Single-Handedly

She Will Be Silent

As I look back, I try — vainly — to understand what went wrong; where I made my mistake. Surely it could not have been the attentions I gave her. Something so pure could never be so base. She would dote on me as much as I on her. We were the perfect pair — inseparable. No, she was not driven away. Not by that, anyhow.

My method. Could it have been my way of speech? But before this, she showed not a sign. On the contrary, it seemed to delight her. A turn of phrase could put a smile like sun breaking through the clouds on her pretty elfin face. Ah! To see that sparkle in her eye! I want no greater joy. But even such simple pleasures are snatched from me. Life has lost its savor.

But when, when did it change? Did that sparkle go out of her eye? I thought it was there. No! I knew it was there. But perhaps that is why I never noticed its departure. I knew it was there, so did I stop looking for it? That merry, tinkling laugh. Had the freedom gone from it? I don’t know. I didn’t look. I didn’t listen.

Oh, what ever did I do? If I could only know, I would make it right. Why did she leave me? I have gone through it all so many times, and I cannot fathom why. Was there another? No. She keeps no company now that she is not with me. Did I offend her in any way?

“No,” she says.

“Was it something I said?”

Still, “No.”

“What, then? What? What did I do?” But she is silent. Impassive as the winter.

Impassive, hardened, even. But cold? No, not cold. She could never find it in herself. That heart, however encased and covered — protected? — has never known, nor could ever know winter. There, the springtime always reigned supreme. I have no doubt she will display that alluring vitality again, but I pray it will not be soon. My heart is breaking, nay, shattered already. To look on her as she was when she was mine would kill me, I know.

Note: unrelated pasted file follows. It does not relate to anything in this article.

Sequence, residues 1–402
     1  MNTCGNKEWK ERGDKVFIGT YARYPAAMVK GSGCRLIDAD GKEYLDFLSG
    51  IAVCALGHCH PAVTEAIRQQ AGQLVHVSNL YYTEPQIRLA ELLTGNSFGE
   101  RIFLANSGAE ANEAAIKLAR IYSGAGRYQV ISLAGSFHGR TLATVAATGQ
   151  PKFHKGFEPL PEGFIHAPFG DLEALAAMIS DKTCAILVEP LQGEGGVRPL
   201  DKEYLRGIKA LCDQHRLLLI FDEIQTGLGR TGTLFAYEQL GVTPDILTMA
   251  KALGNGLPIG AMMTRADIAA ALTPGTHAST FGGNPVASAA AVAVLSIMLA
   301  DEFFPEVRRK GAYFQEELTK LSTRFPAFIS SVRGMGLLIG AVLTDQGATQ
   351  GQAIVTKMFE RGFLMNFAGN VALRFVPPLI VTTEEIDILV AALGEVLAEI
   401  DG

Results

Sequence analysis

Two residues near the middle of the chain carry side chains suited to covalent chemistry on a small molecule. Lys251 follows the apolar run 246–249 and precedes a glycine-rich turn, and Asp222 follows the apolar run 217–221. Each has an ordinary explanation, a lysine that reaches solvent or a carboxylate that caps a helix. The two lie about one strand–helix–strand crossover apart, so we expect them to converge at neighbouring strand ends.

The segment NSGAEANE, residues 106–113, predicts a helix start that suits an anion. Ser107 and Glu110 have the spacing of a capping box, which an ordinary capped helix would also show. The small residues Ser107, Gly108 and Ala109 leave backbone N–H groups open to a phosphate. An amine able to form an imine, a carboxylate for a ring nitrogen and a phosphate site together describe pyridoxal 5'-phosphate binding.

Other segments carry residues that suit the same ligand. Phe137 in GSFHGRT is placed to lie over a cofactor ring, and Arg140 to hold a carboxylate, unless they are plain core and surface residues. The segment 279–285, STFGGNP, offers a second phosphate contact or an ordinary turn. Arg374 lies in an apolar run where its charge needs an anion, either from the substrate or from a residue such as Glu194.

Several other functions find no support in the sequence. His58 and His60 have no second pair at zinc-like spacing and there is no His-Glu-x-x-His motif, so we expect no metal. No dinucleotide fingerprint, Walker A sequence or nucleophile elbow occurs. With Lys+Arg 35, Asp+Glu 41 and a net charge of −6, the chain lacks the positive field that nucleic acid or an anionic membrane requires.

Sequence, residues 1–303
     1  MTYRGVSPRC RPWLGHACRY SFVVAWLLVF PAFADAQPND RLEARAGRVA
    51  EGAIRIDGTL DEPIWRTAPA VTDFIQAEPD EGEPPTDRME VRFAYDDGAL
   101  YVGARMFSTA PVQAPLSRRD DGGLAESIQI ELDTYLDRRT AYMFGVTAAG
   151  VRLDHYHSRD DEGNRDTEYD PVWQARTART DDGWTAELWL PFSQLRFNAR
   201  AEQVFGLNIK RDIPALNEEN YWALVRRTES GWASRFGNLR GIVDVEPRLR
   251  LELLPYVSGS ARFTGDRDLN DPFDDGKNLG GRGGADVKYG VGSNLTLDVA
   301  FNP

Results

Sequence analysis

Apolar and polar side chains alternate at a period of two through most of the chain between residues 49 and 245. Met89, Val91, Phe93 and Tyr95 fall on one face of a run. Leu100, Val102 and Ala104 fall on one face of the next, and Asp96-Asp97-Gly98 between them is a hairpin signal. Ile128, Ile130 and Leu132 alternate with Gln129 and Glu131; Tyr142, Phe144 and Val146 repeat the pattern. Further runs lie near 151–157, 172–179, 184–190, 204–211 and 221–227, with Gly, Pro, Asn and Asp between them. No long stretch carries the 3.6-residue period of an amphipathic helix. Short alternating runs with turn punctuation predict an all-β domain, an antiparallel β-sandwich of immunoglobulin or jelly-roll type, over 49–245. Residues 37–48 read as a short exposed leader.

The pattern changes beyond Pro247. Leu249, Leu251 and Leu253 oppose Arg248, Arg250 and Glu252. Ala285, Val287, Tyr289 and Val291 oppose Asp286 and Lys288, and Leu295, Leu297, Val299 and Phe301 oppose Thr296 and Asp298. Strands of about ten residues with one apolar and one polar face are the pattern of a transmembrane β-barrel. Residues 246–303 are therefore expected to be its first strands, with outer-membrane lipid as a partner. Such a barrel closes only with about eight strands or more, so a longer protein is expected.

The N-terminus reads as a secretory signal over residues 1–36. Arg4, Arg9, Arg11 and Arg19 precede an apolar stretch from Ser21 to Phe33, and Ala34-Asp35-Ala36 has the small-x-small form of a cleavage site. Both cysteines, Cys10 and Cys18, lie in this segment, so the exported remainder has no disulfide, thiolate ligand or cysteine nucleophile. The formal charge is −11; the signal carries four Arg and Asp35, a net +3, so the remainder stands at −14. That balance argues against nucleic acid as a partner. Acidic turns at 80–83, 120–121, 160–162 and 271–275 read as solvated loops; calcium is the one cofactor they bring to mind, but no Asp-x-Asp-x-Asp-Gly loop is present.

Oh, why, I know not, nor shall ever know. Now I ask, “When?” When will this ghost stop haunting me? When will I live again? Will I ever? I believe not. I feel not. But I know I will. I have never been so far down that I could not look up and see the stars.

But I will not look up. Not just yet. This grief, this pain is too exquisite for me to bear losing. If I cannot have her, then at least my heart is perforated in her likeness. Even as my lifeblood drips from such a portrait engraved on my soul, I will not staunch the flow. If it kill me, there are less noble deaths to be had.

She was my definition. I described myself in terms of my love. I knew myself, and measured myself by her love for me. I am still using that measure. I measured taller than Everest, rich as Croesus, and happy as a lark. Now I am the smallest flea in the world, brooding in its most inaccessible hole, over its largest grief.

When I look up, I shall see stars, but they will not be mine. I may wish on one, but it will be someone else’s wish. When I look up, out the narrow sky-slit of my abyss, there will be a shadow. She will be silhouetted against my sky, before my star. Her memory will blot my happiness. And I will ask, “Why?” But she will be silent.

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